Here’s why your omni-efforts are failing your business.
Is the omni-experience a dying fad? Or will it eventually deliver on its promise of providing an all-in-one and flawless customer experience? The answer remains debatable.
Despite the popularity of omnichannel, a 2018 survey by BRP Consulting showed that a measly 7% of retailers offer a comprehensive customer experience. That is, only a handful of merchants have the capacity to let their customers “start the sale anywhere, finish the sale anywhere.” This does not mean that omnichannel is hopeless. On the contrary – this relatively new technology has been gaining much traction nowadays.
As of now, though, retailers attempting to implement omnichannel strategy are offering half-hearted solutions to their customers – and therein lies the rub. Omnichannel is an approach that demands absolute commitment. Otherwise, it’s going to be a complete waste of time. Worse – it can even cost you customers.
What is omnichannel?
The omnichannel strategy zeroes in on the needs of the customers as opposed to focusing heavily on the sales target. The goal of retailers implementing this approach is to ensure that their clients get an all-in-one and integrated customer experience regardless of the gadgets or channels – either online or offline – they choose to utilize.
Customers should be able to check out the features, prices, available rebates, and product or service reviews. They should also be able to visit the store to verify the information they found online, place their orders, and request for delivery. All of this should be done with marginal friction. This means that a successful omnichannel strategy provides a flawless purchasing journey to its customers.
Omnichannel delivers omni-fails
Omnichannel presents massive growth opportunities to businesses in almost all industries. Successful implementation of this approach can give brick-and-mortar stores the stability they desperately need in the age of ecommerce. But like all promising and profitable strategies, executing an efficient and effective omnichannel approach will cost retailers a pretty penny.
While it’s understandable to quibble a bit about spending a fortune on this strategy, modern entrepreneurs are seriously considering omnichannel as a promising investment. In fact, BRP Consulting’s survey revealed that 50% of retailers aim to implement this approach in the next three years.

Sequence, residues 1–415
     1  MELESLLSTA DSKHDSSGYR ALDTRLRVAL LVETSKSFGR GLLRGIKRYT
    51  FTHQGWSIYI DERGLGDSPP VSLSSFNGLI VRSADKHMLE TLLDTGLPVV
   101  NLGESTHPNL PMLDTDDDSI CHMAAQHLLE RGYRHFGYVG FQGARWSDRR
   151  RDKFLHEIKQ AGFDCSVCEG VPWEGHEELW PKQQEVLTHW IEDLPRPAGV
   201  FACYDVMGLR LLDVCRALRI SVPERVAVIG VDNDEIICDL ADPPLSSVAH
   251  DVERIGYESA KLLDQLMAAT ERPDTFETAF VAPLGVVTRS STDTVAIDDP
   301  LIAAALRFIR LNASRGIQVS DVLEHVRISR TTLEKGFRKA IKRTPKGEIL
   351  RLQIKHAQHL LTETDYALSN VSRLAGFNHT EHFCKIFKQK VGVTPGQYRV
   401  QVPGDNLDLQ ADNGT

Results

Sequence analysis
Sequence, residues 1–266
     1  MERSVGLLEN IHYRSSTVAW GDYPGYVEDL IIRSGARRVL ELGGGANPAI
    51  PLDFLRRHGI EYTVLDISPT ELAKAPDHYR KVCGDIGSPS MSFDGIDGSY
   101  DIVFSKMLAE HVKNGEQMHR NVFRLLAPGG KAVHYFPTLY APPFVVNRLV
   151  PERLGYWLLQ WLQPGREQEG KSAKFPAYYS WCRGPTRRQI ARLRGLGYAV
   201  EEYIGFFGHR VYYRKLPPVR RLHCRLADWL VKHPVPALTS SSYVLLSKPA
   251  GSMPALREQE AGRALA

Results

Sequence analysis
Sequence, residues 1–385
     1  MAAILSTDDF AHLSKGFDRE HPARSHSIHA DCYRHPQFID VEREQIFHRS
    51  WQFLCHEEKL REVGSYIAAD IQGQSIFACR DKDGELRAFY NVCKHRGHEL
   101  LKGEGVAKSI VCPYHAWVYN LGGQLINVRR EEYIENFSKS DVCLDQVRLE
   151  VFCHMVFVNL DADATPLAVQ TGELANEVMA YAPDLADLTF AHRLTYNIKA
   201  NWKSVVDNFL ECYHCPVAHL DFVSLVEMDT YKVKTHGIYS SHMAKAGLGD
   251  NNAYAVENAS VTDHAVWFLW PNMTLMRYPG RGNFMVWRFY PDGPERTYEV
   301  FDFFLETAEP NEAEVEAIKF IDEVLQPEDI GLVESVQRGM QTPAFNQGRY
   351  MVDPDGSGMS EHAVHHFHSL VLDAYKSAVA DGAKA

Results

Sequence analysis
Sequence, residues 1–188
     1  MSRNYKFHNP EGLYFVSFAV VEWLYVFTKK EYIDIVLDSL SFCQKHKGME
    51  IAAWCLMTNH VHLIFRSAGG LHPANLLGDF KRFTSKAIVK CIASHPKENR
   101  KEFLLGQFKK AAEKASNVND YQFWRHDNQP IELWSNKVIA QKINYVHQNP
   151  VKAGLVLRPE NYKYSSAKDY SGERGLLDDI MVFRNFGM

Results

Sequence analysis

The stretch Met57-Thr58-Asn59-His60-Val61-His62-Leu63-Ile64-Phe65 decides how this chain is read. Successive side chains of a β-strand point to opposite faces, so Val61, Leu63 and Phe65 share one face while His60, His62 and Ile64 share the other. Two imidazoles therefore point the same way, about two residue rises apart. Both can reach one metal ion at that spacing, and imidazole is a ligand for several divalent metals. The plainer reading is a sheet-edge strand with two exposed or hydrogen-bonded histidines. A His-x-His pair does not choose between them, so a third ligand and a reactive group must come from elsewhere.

Like all systems though, omnichannel is far from perfect. Up until today, there are still a number of concerns that need to be addressed before this strategy reaches its peak. So before you jump on the bandwagon, take a look at some of the things people hate about omnichannel – or, as we call it, omni-fails – to help you make up your mind.
Omni-fail 1: Backend and frontend systems have different objectives
Offering an omnichannel service requires a lot of multitasking. The frantic activities on both backend and frontend systems usually result in negative customer service experience. Before this strategy entered the world of retail, customer experience had been pretty straightforward. All retailers had to do was deliver the orders, and that was the end of the purchasing journey. Now, the simple task of delivering the correct item to the right customer at the precise date and time demands scheduling and designing complex, numerous, and sometimes even international coordination and processes – all in real time.
For example, many customers complain that the items in physical stores do not match the ones they order online. This gives the impression that the brick-and-mortar stores have different fulfillment centers, making customers suspicious of the authenticity of the products displayed on the brand’s website. Ultimately, the brand suffers because the production team neglected to produce items of the same quality for all the distribution channels.